Verified Commit 76dbf200 authored by Erxleben, Fredo's avatar Erxleben, Fredo
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Outline basic Workshop contents

parent 39c70d52
# Workshop - Pandas
# Workshop - OOP in Python
## General Information
### Requirements:
* Basics
## Getting started
### Duration:
> To be determined…
To make it easy for you to get started with GitLab, here's a list of recommended next steps.
This is the writeup for a workshop to provide an introduction into the _Pandas_- framework.
The contents is divided in _episodes_ and _exercises_.
In the episodes it is pointed out which exercise would be suitable at which stage of progress to keep the learning and storytelling flow.
Already a pro? Just edit this README.md and make it your own. Want to make it easy? [Use the template at the bottom](#editing-this-readme)!
## Audience
This workshop is intended for learners interested in data science who have a basic understanding of working with Python like
## Add your files
* Variables, data types, functions
* Loops, comditionals
- [ ] [Create](https://docs.gitlab.com/ee/user/project/repository/web_editor.html#create-a-file) or [upload](https://docs.gitlab.com/ee/user/project/repository/web_editor.html#upload-a-file) files
- [ ] [Add files using the command line](https://docs.gitlab.com/ee/gitlab-basics/add-file.html#add-a-file-using-the-command-line) or push an existing Git repository with the following command:
## Structure
```
cd existing_repo
git remote add origin https://gitlab.hzdr.de/hifis/software/education/workshop-pandas.git
git branch -M main
git push -uf origin main
```
The content is split into thematic episodes which are ordered along a story arc.
The episodes point out when to do which exercise.
> Citations contain instructor notes
## Integrate with your tools
The exercises themselves are split into a `task-….md` which contains the task to be solved and a folder `checkpoint_before` with the state of the workshop project before the task and a `checkpoint_solution`-folder with the state of the workshop project after the task has been solved.
- [ ] [Set up project integrations](https://gitlab.hzdr.de/hifis/software/education/workshop-pandas/-/settings/integrations)
## Collaborate with your team
- [ ] [Invite team members and collaborators](https://docs.gitlab.com/ee/user/project/members/)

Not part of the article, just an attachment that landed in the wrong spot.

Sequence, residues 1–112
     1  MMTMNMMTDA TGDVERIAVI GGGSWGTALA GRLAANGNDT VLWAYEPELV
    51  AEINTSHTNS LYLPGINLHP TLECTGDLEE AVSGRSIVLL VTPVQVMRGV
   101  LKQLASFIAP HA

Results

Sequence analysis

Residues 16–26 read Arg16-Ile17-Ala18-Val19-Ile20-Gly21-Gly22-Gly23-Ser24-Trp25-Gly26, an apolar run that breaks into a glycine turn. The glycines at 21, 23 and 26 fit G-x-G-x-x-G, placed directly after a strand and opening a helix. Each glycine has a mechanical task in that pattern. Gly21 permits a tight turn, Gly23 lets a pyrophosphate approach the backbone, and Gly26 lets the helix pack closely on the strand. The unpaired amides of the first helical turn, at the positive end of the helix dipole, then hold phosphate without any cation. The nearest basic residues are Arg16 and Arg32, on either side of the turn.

- [ ] [Create a new merge request](https://docs.gitlab.com/ee/user/project/merge_requests/creating_merge_requests.html)
- [ ] [Automatically close issues from merge requests](https://docs.gitlab.com/ee/user/project/issues/managing_issues.html#closing-issues-automatically)
- [ ] [Enable merge request approvals](https://docs.gitlab.com/ee/user/project/merge_requests/approvals/)
- [ ] [Automatically merge when pipeline succeeds](https://docs.gitlab.com/ee/user/project/merge_requests/merge_when_pipeline_succeeds.html)
## Test and Deploy
Use the built-in continuous integration in GitLab.
- [ ] [Get started with GitLab CI/CD](https://docs.gitlab.com/ee/ci/quick_start/index.html)
- [ ] [Analyze your code for known vulnerabilities with Static Application Security Testing(SAST)](https://docs.gitlab.com/ee/user/application_security/sast/)
- [ ] [Deploy to Kubernetes, Amazon EC2, or Amazon ECS using Auto Deploy](https://docs.gitlab.com/ee/topics/autodevops/requirements.html)
- [ ] [Use pull-based deployments for improved Kubernetes management](https://docs.gitlab.com/ee/user/clusters/agent/)
- [ ] [Set up protected environments](https://docs.gitlab.com/ee/ci/environments/protected_environments.html)
***
# Editing this README
When you're ready to make this README your own, just edit this file and use the handy template below (or feel free to structure it however you want - this is just a starting point!). Thank you to [makeareadme.com](https://www.makeareadme.com/) for this template.
## Suggestions for a good README
Every project is different, so consider which of these sections apply to yours. The sections used in the template are suggestions for most open source projects. Also keep in mind that while a README can be too long and detailed, too long is better than too short. If you think your README is too long, consider utilizing another form of documentation rather than cutting out information.
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Tell people where they can go to for help. It can be any combination of an issue tracker, a chat room, an email address, etc.
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## Authors and acknowledgment
Show your appreciation to those who have contributed to the project.
## License
For open source projects, say how it is licensed.
## Project status
If you have run out of energy or time for your project, put a note at the top of the README saying that development has slowed down or stopped completely. Someone may choose to fork your project or volunteer to step in as a maintainer or owner, allowing your project to keep going. You can also make an explicit request for maintainers.
The required changes to solve the task can be highlighted by `diff`-ing the checkpoint folders.
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